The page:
Oct. 20, 2016
Memorial’s business faculty marks a significant milestone at fall convocation this year with the graduation of its first students from two of its research-based programs.
Jennifer Smith is the first graduate of the Faculty of Business Administration’s master of science (M.Sc.) in management program, which was established in 2014.
Heather Clarke is the first graduate of the organizational behaviour and human resources management stream of the PhD in management. The PhD program also offers a stream in operations management and information systems, which saw its first graduate in 2011. The PhD program was established in 2007.
“The graduation of these students is an important indicator of the great strides we have made in growing our research-based graduate programs in recent years,” said Dr. Travor Brown, associate dean (research) and director of the M.Sc. and PhD programs. “Growing our graduate programs is of strategic importance to the business faculty as we continue to grow our research profile and support Memorial’s strategic research framework.”
For Ms. Smith and Dr. Clarke, both originally from Mount Pearl, the opportunity to tailor their studies to their own interests was an important factor in their enjoyment of the programs.
“I knew I wanted a graduate program that would allow me to dive deep into an area I really cared about,” said Ms. Smith. “When Dr. Tom Cooper first told me about the M.Sc. program, he explained that I would have the freedom to tailor my coursework and thesis research to better understand the challenges and opportunities that exist at the nexus of business development and social change in the Newfoundland and Labrador context. He was right, and that’s exactly what I did.”
Dr. Clarke’s dissertation, Gender and Organizational Citizenship Behaviour (OCB): The Performance and Evaluation of Gender-Typed OCBs, looked at how gender stereotypes determine the behaviours that are expected of men and women at work and ultimately affect evaluations of job performance.
“The underlying theme that connects all of my research is gender and gender stereotypes,” said Dr. Clarke. “For me, that made it more interesting to be able to branch out and do a few different things. It’s so much more rewarding and interesting when the stuff you’re working on is your own idea.”
Ms. Smith holds degrees in commerce and arts from Memorial and has a diverse employment background that ranges from acting and real estate to business development and the non-profit sector. But it was as a co-founder of Common Ground, the province’s first co-working space and startup house, that her interest in social enterprise was piqued.
“Common Ground was my first experience in the social enterprise realm and as its executive director, I witnessed its impact and potential first-hand,” she said.
At the business faculty, she began working closely with Dr. Natalie Slawinski, who has been gathering data regarding the Shorefast Foundation on Fogo Island and recently won a major grant from the Social Sciences and Humanities Research Council (SSHRC) to further develop her research involving the organization and look at addressing the challenges of rural sustainability through social enterprise.
Ms. Smith is now the project’s research assistant.
“I’m a proud Newfoundlander and the future of this province is important to me. As a qualitative researcher, it’s my job to invest the time, energy and presence into understanding all the key factors at play in this beautiful rural place. Many days that looks like sitting in someone’s kitchen, office or workshop exploring their views and experiences,” she said.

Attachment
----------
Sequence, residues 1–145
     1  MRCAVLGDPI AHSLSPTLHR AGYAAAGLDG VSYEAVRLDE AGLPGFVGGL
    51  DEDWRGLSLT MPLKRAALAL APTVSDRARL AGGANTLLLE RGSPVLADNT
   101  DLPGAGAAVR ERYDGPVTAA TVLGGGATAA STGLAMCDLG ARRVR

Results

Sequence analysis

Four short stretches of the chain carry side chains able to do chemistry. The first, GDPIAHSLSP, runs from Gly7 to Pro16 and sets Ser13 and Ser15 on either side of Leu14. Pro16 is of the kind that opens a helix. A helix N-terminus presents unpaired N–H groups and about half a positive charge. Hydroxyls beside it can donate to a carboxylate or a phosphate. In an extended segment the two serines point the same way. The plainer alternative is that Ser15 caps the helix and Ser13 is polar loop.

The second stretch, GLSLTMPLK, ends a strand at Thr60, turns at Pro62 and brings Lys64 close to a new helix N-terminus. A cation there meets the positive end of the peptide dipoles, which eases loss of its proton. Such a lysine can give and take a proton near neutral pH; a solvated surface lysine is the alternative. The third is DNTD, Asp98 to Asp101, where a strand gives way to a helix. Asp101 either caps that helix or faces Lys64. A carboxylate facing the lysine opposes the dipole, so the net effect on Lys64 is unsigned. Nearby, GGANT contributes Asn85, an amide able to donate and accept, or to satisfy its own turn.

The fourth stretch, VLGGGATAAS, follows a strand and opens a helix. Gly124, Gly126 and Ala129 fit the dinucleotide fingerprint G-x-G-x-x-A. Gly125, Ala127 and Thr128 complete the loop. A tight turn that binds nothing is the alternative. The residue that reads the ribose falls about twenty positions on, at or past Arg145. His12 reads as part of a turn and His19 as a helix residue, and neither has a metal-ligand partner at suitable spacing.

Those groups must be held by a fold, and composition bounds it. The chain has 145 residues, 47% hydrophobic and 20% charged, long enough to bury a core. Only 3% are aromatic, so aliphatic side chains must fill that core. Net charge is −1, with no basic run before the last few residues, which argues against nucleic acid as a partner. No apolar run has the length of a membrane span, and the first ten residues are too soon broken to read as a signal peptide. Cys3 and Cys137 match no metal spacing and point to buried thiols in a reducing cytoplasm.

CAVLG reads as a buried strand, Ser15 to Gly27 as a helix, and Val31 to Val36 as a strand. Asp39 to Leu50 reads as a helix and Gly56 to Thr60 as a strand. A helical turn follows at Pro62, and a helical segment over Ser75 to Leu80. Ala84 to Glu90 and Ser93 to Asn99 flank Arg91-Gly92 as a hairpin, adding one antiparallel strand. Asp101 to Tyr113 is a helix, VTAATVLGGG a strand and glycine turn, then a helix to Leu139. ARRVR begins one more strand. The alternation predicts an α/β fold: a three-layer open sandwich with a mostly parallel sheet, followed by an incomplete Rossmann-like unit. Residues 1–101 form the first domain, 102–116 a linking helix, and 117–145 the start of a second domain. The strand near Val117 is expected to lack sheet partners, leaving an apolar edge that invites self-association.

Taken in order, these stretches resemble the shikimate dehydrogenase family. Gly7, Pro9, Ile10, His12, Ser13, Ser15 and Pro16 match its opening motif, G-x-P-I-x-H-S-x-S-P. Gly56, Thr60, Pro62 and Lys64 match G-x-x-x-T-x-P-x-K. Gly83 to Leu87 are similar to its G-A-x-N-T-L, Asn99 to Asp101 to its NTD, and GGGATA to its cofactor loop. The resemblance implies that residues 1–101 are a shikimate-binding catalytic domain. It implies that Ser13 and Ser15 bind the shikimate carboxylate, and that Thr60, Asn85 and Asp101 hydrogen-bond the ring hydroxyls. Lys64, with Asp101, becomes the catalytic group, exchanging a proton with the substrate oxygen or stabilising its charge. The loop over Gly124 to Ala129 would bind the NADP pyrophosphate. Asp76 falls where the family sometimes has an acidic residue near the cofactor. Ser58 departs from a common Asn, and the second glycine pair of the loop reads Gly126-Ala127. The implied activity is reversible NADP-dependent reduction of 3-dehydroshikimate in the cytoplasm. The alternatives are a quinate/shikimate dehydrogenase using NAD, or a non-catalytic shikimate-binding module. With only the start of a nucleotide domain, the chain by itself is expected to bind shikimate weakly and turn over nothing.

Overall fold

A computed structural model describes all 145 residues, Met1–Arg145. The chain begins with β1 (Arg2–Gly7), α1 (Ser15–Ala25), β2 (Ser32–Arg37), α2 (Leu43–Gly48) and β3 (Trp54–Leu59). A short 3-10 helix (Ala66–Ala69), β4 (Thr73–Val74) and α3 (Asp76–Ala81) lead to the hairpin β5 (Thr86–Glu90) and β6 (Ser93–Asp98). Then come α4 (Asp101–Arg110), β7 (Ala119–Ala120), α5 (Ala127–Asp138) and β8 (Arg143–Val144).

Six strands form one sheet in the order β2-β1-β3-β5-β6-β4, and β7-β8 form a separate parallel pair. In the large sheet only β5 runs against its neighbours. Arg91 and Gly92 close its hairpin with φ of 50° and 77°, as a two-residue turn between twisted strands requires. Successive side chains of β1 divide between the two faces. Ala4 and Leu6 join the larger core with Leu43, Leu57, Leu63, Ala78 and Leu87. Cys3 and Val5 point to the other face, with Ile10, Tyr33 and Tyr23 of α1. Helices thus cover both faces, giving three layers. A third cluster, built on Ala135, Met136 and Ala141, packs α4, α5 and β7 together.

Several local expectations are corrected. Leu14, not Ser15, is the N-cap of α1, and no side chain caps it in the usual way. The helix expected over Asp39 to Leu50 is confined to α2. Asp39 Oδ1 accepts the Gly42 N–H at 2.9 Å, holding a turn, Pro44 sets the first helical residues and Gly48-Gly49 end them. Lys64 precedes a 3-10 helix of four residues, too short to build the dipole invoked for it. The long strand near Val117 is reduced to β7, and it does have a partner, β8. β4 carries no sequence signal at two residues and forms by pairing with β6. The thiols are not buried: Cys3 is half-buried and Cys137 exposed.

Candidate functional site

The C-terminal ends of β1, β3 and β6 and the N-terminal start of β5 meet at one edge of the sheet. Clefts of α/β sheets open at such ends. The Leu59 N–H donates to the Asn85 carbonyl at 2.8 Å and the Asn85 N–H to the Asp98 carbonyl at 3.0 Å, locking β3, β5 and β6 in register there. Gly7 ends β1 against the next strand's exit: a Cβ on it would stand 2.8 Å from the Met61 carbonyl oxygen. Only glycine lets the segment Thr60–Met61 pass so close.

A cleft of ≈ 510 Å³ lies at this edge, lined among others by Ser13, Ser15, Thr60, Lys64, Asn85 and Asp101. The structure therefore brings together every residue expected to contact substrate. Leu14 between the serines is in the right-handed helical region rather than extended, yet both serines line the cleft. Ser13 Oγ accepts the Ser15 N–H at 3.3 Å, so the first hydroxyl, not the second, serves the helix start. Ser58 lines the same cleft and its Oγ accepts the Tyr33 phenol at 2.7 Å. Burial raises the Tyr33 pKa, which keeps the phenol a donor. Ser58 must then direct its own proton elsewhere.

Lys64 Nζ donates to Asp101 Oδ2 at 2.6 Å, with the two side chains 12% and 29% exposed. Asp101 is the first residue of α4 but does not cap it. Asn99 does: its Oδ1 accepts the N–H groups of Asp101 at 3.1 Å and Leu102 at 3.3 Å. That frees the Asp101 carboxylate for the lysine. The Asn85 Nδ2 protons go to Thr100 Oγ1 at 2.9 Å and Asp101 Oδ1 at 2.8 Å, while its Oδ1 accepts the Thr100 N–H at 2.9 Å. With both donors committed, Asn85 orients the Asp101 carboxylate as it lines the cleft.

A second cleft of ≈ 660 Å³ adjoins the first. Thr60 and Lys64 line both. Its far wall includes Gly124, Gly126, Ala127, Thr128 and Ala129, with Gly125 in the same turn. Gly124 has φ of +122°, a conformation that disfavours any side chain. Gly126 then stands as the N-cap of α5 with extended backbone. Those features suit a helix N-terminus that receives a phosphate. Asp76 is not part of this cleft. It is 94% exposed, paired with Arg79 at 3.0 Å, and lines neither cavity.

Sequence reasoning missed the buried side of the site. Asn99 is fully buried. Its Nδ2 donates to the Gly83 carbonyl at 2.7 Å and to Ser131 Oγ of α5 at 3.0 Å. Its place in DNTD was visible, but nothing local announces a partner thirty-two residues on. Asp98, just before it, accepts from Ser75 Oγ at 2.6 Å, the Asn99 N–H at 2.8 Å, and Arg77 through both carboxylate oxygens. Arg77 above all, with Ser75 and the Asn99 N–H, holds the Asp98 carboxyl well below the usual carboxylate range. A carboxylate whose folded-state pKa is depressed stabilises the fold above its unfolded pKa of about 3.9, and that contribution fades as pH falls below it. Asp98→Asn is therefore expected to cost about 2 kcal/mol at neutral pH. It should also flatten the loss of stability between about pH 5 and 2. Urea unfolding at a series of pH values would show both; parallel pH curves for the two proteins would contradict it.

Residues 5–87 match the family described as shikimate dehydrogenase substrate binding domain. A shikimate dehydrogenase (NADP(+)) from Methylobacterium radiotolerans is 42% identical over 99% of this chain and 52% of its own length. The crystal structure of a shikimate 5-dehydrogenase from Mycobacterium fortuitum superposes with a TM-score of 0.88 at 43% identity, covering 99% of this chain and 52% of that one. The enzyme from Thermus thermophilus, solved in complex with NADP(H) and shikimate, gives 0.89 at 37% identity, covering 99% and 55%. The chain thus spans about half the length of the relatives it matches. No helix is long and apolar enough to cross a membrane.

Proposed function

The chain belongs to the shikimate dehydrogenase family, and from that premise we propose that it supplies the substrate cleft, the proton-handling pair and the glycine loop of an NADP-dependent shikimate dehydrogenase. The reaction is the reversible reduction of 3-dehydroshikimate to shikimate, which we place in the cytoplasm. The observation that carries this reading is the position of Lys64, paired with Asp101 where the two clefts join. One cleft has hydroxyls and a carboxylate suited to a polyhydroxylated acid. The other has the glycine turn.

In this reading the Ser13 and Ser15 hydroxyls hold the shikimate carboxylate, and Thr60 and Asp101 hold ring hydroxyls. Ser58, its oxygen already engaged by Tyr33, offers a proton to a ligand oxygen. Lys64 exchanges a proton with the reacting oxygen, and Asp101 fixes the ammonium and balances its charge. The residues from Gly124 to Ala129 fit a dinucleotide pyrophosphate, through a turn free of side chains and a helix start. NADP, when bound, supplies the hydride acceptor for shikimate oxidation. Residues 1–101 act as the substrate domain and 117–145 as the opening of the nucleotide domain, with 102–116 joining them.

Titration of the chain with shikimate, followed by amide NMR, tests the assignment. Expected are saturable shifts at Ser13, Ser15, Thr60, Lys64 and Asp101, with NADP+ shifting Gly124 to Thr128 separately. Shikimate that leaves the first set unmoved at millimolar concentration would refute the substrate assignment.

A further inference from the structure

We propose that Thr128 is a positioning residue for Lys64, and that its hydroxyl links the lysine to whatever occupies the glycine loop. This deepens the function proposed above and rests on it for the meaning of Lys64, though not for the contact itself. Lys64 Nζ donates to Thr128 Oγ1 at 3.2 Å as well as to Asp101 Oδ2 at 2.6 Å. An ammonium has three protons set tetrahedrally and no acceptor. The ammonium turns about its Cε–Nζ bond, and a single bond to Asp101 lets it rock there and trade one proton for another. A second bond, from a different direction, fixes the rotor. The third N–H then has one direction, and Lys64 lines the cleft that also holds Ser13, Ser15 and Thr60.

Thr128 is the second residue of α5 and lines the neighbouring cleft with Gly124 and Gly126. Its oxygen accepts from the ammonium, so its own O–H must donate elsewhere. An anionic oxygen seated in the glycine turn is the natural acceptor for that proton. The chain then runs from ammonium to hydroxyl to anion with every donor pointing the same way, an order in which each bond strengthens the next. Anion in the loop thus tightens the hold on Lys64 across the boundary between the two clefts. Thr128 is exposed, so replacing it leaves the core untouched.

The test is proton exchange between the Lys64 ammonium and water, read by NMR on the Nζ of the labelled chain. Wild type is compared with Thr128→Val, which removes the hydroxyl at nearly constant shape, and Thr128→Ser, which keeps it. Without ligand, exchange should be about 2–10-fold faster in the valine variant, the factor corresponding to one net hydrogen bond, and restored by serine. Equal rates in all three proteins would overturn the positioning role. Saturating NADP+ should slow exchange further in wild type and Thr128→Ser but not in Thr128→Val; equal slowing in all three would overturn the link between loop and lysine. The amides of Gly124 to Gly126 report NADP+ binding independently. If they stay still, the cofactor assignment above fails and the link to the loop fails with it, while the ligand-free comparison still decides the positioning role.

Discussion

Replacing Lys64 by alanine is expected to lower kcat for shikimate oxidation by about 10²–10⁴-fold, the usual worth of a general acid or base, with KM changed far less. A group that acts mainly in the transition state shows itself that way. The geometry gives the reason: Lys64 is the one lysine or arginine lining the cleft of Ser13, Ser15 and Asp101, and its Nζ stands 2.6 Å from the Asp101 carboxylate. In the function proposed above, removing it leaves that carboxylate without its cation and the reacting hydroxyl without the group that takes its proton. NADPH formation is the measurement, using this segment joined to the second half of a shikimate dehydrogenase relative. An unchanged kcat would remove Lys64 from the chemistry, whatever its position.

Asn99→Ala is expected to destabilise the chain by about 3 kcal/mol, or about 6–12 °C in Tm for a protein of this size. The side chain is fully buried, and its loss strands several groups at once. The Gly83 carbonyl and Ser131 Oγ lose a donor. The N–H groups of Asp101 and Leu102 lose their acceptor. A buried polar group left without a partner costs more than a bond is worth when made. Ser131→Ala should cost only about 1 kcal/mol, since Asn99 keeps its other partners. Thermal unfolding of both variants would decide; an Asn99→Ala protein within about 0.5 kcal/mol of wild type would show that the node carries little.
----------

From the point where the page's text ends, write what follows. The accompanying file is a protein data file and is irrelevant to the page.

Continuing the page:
“I really enjoy being at the crossroads of different fields: business and social, for-profit and not-for-profit, researcher and practitioner. I love that I’m currently in a research role that involves both observation and engagement with the community and local organizations. It’s a bold project that challenges some of the traditional roles of a researcher. I find that exciting.”
Dr. Clarke has an arts degree from Memorial and she completed joint law and master of business administration degrees from the University of New Brunswick in 2004.
“Usually students enter PhD programs with a research-based master’s degree,” said Dr. Clarke. “I did not have that. I had professional degrees and a background practising law. Yet I was able, during my four years in the PhD program, to do interesting research, publish in quality academic journals and present at highly regarded conferences. I also did a significant amount of teaching in the faculty. Because of this I was competitive on the job market.”
Dr. Clarke had multiple job offers before completing the program and now works as an assistant professor of human resource management at the Austin E. Cofrin School of Business at the University of Wisconsin-Green Bay.
Both fall graduates say the opportunity to work directly with renowned researchers and to learn from faculty members was a key factor in their success and enjoyment of the program.
“I cannot say enough about the quality of the mentorship I received from Dr. Slawinski as well as several other staff and faculty,” said Ms. Smith. “Their investment in my M.Sc. experience and enthusiasm to invite me into their work was quite unexpected and appreciated more than I can express.”
“I liked that I was set free to do my work, but then when I hit a road block, they were there for me to go to and ask my questions,” she said.
She also continues to work with Drs. Arnold and Ford. She and Dr. Arnold are in the midst of a large SSHRC-funded project looking at sexual orientation and gender-typed work — a project that grew out of a paper Dr. Clarke wrote in Dr. Arnold’s class.
“We’ve gone from professor-student to colleagues now so we’re going to continue to work together,” she said.
Ms. Smith and Dr. Clarke will collect their degrees at fall convocation in St. John’s on Oct. 20.